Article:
Thanks for saying that SteveH. I can't say I ever looked at him shilling razor blades or over-priced sneakers and thought "well, there's a long streak of uxorious moral probity I want to model my whole life on." He was, and always will be, that funny looking black guy who's really good at golf.

    North Shore, Auckland • Since Nov 2006 • 12370 posts Report Reply

  • Craig Ranapia,

    After that, I struggle to complain about the media's titillation reporting. Mike said it. It's about the ratings. They might as well show porn.

    But am I the only person who finds the whole ratings argument rather disingenuous? I once had a conversation with a media maven that went something like this:

    MM: Nobody wants to watch pointy-head long-form political interviews.

    ME: Based on what?

    MM: The ratings for Agenda are terrible.

    ME: Do you think that might have something to do with the zero effort spent on promoting it?

    MM: Um...

    ME: ... or that don't have to be a marketing genius to grasp that the target audience for a political discussion show isn't likely to be glued to the TV at nine o'clock on a Sunday morning?

    Rinse, repeat and go around one more time. There's just a stink of circle jerk reasoning about it all.

    North Shore, Auckland • Since Nov 2006 • 12370 posts Report Reply

  • Caleb D'Anvers,

    And then there's the racial aspect to Woods's peculiar brand of celebrity, which shouldn't be underestimated in a culture as viscerally racist as America's. Part of Woods's appeal to his sponsors and those who consumed his celebrity was the fact that he seemed to negate certain long-standing racist stereotypes of black masculinity. His weird apparent sexlessness was part of this.

    The fact that he can now be read as embodying -- and therefore endorsing -- those same racist stereotypes of black men as OMG!-sexually-rapacious-horn-dogs-who-menace-teh-white-women is part of what's made the anti-Woods backlash so stinging. It's all part of American culture's pornographic obsession with the spectacle of miscegenation. Depressing, really.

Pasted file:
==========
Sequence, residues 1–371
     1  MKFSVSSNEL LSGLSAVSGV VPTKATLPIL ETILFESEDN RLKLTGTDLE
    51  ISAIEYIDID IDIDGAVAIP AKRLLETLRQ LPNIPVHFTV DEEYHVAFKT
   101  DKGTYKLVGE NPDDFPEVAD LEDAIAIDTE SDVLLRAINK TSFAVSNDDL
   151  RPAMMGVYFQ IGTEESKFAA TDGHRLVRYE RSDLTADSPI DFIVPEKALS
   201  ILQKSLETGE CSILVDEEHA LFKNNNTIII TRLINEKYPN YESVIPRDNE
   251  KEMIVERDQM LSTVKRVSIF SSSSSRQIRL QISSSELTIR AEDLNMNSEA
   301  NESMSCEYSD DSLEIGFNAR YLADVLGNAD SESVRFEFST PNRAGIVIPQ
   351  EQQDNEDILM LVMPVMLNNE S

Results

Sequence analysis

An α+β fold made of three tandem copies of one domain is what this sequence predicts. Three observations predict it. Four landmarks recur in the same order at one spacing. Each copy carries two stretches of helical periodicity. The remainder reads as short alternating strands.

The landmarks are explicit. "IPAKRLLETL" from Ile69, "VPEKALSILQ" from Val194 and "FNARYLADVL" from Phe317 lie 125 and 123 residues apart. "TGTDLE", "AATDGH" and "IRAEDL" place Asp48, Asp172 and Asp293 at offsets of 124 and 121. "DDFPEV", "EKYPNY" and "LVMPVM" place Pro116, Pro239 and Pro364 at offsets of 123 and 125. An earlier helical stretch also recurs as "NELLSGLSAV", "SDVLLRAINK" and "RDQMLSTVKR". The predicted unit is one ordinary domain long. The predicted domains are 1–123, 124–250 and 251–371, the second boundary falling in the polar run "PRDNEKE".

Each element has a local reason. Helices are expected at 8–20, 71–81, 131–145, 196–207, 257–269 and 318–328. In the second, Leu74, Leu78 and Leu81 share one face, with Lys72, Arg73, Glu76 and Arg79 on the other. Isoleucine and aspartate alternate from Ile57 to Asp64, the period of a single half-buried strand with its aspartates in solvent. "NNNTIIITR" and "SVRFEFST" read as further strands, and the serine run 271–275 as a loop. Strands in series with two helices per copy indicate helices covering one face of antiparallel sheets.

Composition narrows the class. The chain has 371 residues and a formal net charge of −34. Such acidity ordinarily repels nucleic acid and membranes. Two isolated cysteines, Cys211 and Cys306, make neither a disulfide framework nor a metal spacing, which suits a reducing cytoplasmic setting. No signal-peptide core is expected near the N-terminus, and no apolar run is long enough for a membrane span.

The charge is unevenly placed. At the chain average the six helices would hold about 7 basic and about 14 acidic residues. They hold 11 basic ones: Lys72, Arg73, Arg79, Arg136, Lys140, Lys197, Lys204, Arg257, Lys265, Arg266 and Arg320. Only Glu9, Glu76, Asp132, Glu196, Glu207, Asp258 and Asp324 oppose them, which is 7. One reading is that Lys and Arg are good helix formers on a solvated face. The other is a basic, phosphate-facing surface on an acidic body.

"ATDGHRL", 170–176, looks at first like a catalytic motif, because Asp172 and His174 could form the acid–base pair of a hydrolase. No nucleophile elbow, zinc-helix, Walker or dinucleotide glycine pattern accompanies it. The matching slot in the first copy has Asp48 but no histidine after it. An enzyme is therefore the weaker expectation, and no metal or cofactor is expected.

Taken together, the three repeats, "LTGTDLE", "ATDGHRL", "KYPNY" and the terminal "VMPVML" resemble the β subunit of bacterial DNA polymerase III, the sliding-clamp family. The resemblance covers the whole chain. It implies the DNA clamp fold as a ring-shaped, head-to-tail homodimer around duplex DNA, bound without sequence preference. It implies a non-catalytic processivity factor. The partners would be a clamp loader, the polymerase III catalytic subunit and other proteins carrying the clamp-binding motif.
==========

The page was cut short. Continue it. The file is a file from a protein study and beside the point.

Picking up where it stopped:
London SE16 • Since Mar 2008 • 482 posts Report Reply

  • Russell Brown,

    Thanks for saying that SteveH. I can't say I ever looked at him shilling razor blades or over-priced sneakers and thought "well, there's a long streak of uxorious moral probity I want to model my whole life on." He was, and always will be, that funny looking black guy who's really good at golf.

    But we're not really interested in golf -- and we're not American. The idea that great public success is somehow miraculously entwined with superior moral conduct in private life is still very popular in the US.

    This is much more acute for sponsors who've invested in the myth -- that of the supremely focused, successful individual.

    And the fact is, Woods and his people worked hard at creating an image and deliberately presenting it as an aspirational ideal for young people.

    This is the text of the "About us" page of the Tiger Woods Foundation website:

    Letter From Tiger

    Dear friends,

    From early childhood, I dreamed of being the world’s best golfer. I worked hard and applied my family’s values to everything I did. Integrity, honesty, discipline, responsibility, and fun: I learned these values at home and in school, each one pushing me further toward my dream.

    It was over 10 years ago that my father and I began with the idea of bringing our family motto of “caring and sharing” to the rest of the world. In those days, we traveled the country holding junior golf clinics and encouraging kids to dream big and set specific goals to make those dreams a reality.